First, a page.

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Neurogastroenterol Motil. 2011 May;23(5):411-8, e172. doi: 10.1111/j.1365-2982.2010.01658.x. Epub 2011 Jan 6.

Increase of weakly acidic gas esophagopharyngeal reflux (EPR) and swallowing-induced acidic/weakly acidic EPR in patients with chronic cough responding to proton pump inhibitors.

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Department of Gastroenterology, Gunma University Hospital, Maebashi, Gunma, Japan.



Gastro-esophageal reflux disease (GERD)-related chronic cough (CC) may have multifactorial causes. To clarify the characteristics of esophagopharyngeal reflux (EPR) events in CC patients whose cough was apparently influenced by gastro-esophageal reflux (GER), we studied patients with CC clearly responding to full-dose proton pump inhibitor (PPI) therapy (CC patients).


Ten CC patients, 10 GERD patients, and 10 healthy controls underwent 24-h ambulatory pharyngo-esophageal impedance and pH monitoring. Weakly acidic reflux was defined as a decrease of pH by >1 unit with a nadir pH >4. In six CC patients, monitoring was repeated after 8 weeks of PPI therapy. The number of each EPR event and the symptom association probability (SAP) were calculated. Symptoms were evaluated by a validated GERD symptom questionnaire.


Weakly acidic gas EPR and swallowing-induced acidic/weakly acidic EPR only occurred in CC patients, and the numbers of such events was significantly higher in the CC group than in the other two groups (P < 0.05, respectively). Symptom association probability analysis revealed a positive association between GER and cough in three CC patients. Proton pump inhibitor therapy abolished swallowing-induced acidic/weakly acidic EPR, reduced weakly acidic gas EPR, and improved symptoms (all P < 0.05).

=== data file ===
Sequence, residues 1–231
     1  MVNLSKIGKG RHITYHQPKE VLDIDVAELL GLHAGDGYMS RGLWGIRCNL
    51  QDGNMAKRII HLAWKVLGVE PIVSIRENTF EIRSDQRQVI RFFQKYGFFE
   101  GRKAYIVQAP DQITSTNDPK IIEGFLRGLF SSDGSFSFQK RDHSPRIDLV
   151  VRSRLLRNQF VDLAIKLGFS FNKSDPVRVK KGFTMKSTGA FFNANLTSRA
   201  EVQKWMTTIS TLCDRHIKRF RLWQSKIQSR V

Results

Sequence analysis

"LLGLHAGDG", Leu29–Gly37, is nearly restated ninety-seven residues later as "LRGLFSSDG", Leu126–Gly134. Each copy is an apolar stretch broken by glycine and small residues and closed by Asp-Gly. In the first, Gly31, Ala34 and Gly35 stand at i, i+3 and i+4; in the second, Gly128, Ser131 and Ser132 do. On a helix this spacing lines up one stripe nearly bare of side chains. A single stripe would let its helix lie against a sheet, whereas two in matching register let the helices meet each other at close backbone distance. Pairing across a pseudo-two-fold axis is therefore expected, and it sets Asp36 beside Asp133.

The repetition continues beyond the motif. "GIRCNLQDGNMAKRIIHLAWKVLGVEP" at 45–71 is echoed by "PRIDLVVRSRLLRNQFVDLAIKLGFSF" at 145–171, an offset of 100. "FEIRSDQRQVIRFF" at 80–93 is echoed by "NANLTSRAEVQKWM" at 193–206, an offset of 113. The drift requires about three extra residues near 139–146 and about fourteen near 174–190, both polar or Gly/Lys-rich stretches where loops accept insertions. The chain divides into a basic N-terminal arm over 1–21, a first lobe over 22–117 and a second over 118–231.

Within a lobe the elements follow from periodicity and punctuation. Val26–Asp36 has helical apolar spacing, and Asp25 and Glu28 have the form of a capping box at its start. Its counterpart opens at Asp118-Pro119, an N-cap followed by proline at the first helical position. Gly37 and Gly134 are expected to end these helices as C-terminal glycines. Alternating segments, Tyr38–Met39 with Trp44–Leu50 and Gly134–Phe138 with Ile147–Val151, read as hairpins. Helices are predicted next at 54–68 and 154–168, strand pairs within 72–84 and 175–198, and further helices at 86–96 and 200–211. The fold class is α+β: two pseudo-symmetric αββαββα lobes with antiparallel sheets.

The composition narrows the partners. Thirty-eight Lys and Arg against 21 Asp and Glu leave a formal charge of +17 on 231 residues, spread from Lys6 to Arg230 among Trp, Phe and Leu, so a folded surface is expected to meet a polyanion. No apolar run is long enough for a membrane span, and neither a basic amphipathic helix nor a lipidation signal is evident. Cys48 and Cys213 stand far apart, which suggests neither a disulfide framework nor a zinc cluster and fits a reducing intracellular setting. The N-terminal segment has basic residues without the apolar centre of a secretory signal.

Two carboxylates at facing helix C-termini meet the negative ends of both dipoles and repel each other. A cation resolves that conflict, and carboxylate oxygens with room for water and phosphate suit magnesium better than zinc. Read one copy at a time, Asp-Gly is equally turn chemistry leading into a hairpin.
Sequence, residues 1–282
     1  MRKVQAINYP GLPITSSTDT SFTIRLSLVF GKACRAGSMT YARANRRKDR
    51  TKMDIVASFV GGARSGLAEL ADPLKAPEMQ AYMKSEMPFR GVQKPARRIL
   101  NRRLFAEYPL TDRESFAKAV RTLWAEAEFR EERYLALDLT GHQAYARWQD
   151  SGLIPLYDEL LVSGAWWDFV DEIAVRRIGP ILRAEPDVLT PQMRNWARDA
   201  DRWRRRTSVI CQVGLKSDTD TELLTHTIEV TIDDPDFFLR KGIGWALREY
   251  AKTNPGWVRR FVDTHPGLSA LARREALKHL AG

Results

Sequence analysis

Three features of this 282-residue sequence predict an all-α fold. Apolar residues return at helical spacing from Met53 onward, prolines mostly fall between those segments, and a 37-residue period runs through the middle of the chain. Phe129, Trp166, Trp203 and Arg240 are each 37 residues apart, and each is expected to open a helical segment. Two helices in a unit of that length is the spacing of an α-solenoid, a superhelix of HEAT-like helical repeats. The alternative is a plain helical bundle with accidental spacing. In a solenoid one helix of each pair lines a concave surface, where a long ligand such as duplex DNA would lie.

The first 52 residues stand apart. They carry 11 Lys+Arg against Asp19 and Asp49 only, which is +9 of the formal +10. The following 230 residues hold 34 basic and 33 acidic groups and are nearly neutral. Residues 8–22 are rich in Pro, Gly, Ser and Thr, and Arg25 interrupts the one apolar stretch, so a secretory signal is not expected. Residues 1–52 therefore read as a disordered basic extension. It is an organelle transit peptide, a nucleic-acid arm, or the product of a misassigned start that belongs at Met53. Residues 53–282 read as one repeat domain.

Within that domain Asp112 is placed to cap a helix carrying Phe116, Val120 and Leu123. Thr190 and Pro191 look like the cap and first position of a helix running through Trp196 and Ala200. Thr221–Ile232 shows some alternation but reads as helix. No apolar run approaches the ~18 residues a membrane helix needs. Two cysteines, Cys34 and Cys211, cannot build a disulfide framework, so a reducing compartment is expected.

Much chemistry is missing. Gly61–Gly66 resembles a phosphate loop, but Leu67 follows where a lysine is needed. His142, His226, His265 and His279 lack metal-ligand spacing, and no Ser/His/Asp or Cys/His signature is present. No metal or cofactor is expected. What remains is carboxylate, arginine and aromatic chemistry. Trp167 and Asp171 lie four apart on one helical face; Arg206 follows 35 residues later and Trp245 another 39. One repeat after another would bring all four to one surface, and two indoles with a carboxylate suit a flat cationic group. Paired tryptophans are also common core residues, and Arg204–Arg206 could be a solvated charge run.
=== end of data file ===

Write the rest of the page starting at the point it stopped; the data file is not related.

Most patients with CC responding to PPI therapy had weakly acidic gas EPR and swallowing-induced acidic/weakly acidic EPR. A direct effect of acidic mist or liquid refluxing into the pharynx may contribute to chronic cough, while cough may also arise indirectly from reflux via a vago-vagal reflex in some patients.

[Indexed for MEDLINE]

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